Handbook on the History of Economic Analysis Volume III
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Handbook on the History of Economic Analysis Volume III

Developments in Major Fields of Economics

Edited by Gilbert Faccarello and Heinz D. Kurz

Volume III contains entries on the development of major fields in economics from the inception of systematic analysis until modern times. The reader is provided with succinct summary accounts of the main problems, the methods used to address them and the results obtained across time. The emphasis is on both the continuity and the major changes that have occurred in the economic analysis of problematic issues such as economic growth, income distribution, employment, inflation, business cycles and financial instability. Each Handbook can be read individually and acts as a self-contained volume in its own right. It can be purchased separately or as part of a three-volume set.
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Chapter 20: Growth

Heinz D. Kurz and Neri Salvadori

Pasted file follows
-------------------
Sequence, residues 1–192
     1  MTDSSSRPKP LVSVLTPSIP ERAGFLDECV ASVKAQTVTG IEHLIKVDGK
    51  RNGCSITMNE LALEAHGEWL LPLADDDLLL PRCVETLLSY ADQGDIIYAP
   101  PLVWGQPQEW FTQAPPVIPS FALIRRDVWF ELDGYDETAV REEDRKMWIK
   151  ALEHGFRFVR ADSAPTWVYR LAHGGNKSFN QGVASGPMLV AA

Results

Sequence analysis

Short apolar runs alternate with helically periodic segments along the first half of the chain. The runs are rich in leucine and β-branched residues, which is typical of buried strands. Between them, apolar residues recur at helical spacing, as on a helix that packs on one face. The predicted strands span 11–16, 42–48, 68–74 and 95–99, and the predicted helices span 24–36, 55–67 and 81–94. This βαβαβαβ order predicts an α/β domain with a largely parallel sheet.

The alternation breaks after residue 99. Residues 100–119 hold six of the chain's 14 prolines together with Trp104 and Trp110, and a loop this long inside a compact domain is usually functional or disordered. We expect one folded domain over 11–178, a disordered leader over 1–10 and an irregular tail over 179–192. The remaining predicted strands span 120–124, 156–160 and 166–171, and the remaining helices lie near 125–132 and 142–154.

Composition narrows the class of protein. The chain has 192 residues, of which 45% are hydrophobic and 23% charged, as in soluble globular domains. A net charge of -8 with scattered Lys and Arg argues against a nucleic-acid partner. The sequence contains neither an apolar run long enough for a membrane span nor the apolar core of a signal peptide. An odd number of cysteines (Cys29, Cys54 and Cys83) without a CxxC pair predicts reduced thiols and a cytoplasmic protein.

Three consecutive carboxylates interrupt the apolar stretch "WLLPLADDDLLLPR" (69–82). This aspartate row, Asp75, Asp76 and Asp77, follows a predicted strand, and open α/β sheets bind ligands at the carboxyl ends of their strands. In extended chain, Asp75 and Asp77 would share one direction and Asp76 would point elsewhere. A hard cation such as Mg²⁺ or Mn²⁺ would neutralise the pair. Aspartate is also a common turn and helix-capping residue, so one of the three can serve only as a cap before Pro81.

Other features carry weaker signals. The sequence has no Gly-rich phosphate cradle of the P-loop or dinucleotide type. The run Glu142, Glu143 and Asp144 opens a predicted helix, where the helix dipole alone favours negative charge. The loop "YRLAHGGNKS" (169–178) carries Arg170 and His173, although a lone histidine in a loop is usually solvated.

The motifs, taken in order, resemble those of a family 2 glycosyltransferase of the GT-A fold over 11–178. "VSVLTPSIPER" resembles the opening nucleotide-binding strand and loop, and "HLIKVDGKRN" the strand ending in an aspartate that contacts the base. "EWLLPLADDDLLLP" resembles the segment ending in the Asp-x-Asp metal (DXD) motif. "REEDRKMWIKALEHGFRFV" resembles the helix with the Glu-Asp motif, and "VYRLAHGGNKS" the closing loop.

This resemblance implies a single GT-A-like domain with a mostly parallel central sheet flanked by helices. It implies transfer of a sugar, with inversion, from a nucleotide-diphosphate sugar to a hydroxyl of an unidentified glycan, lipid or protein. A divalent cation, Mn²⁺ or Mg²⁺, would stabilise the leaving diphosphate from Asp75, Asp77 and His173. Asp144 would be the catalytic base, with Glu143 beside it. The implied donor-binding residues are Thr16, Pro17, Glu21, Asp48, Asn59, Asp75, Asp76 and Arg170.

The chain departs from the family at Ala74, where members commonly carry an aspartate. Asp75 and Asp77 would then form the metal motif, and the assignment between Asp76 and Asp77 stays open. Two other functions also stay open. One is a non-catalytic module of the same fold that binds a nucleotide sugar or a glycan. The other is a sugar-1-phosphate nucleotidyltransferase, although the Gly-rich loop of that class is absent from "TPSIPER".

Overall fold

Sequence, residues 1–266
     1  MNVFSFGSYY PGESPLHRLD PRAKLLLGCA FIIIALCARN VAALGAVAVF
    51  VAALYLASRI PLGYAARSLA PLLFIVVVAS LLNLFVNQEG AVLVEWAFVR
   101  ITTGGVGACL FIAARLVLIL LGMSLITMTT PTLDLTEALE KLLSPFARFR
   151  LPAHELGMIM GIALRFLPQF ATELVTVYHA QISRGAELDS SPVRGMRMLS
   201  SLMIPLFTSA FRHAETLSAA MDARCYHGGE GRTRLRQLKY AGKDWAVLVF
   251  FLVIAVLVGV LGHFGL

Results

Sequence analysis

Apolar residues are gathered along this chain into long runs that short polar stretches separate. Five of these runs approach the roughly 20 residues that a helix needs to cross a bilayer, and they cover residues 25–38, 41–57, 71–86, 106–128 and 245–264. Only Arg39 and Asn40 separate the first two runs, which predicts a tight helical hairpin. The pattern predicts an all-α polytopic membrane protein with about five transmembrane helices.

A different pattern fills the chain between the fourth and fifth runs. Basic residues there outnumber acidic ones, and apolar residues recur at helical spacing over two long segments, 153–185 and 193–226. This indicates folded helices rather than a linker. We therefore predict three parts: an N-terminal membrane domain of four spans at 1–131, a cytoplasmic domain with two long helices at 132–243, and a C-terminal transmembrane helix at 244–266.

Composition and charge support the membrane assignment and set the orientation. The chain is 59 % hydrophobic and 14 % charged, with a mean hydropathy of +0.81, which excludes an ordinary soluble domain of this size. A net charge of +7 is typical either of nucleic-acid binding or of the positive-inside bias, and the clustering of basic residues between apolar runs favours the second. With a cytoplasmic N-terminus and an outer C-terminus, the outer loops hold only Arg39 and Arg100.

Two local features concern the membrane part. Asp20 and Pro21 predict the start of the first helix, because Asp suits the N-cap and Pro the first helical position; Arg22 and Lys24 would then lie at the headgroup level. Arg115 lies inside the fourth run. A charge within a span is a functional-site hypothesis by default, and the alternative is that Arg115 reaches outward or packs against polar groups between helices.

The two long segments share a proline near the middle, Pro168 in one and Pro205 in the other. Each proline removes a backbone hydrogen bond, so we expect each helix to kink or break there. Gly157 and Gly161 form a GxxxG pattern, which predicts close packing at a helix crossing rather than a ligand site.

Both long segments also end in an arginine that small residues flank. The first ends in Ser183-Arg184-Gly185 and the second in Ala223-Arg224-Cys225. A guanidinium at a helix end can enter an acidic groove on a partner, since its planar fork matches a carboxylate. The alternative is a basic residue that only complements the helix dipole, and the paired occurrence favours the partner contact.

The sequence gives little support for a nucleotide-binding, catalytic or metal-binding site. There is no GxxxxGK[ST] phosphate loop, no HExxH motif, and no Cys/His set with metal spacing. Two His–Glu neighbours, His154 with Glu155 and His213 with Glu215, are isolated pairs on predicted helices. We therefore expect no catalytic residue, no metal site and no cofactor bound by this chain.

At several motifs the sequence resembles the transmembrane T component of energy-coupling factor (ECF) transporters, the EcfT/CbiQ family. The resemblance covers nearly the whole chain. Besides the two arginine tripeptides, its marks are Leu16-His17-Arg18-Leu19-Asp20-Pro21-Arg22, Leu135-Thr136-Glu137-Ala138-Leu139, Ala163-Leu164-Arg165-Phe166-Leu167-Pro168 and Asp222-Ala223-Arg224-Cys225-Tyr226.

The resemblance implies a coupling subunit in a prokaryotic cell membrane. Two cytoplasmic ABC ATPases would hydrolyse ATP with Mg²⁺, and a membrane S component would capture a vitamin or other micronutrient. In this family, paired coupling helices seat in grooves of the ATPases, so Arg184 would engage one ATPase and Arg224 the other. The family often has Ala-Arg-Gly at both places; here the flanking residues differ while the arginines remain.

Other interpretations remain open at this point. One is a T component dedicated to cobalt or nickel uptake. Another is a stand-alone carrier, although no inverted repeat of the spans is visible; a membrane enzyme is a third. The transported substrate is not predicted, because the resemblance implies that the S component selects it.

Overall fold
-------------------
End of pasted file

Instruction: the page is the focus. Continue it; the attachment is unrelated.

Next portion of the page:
Ever since the inception of systematic economic analysis at the time of the classical economists from William Petty to David Ricardo the problem of economic growth – its sources, forms and effects – has been high on the agenda of economists. In the real world the problem and the fact of economic growth are, of course, of much longer standing. Even in the more or less stationary economies of antiquity the possibility, if not the fact, of economic expansion lingers at the back of certain considerations. Brick plates from Mesopotamia provide information about social productivity by means of a simple input–output calculation in terms of barley. The main question concerned the surplus product of barley that the ancient society was able to generate, that is, the excess of total output in a year with a normal harvest over the amount of input of barley as seed or as means of subsistence of labourers plus any other inputs needed in the society measured in terms of barley. From the surplus rate, that is, the ratio of surplus product to necessary input, it is obviously only a small step intellectually, but a huge step historically, to the concept of the rate of growth. Adam Smith viewed the growth process as strictly endogenous (see also Lowe 1954 [1987]: 108; Eltis 1984: 69; Rostow 1990: 34), placing special emphasis on the impact of capital accumulation on labour productivity. He began his inquiry into the Wealth of Nations (Smith 1776 [1976], hereafter WN) by stating that income per capita “must in every nation be regulated by two different circumstances; first, by the skill, dexterity, and judgment with which its labour is generally applied; and, secondly, by the proportion between the number of those who are employed in useful labour, and that of those who are not so employed” (WN, I.3). According to Smith there is no upper limit to labour productivity. This is why Smith maintained that an investigation of the growth of income per capita is first and foremost an inquiry into “The causes of this improvement, in the productive powers of labour, and the order, according to which its produce is naturally distributed among the different ranks and conditions of men in the society” (WN I.5).

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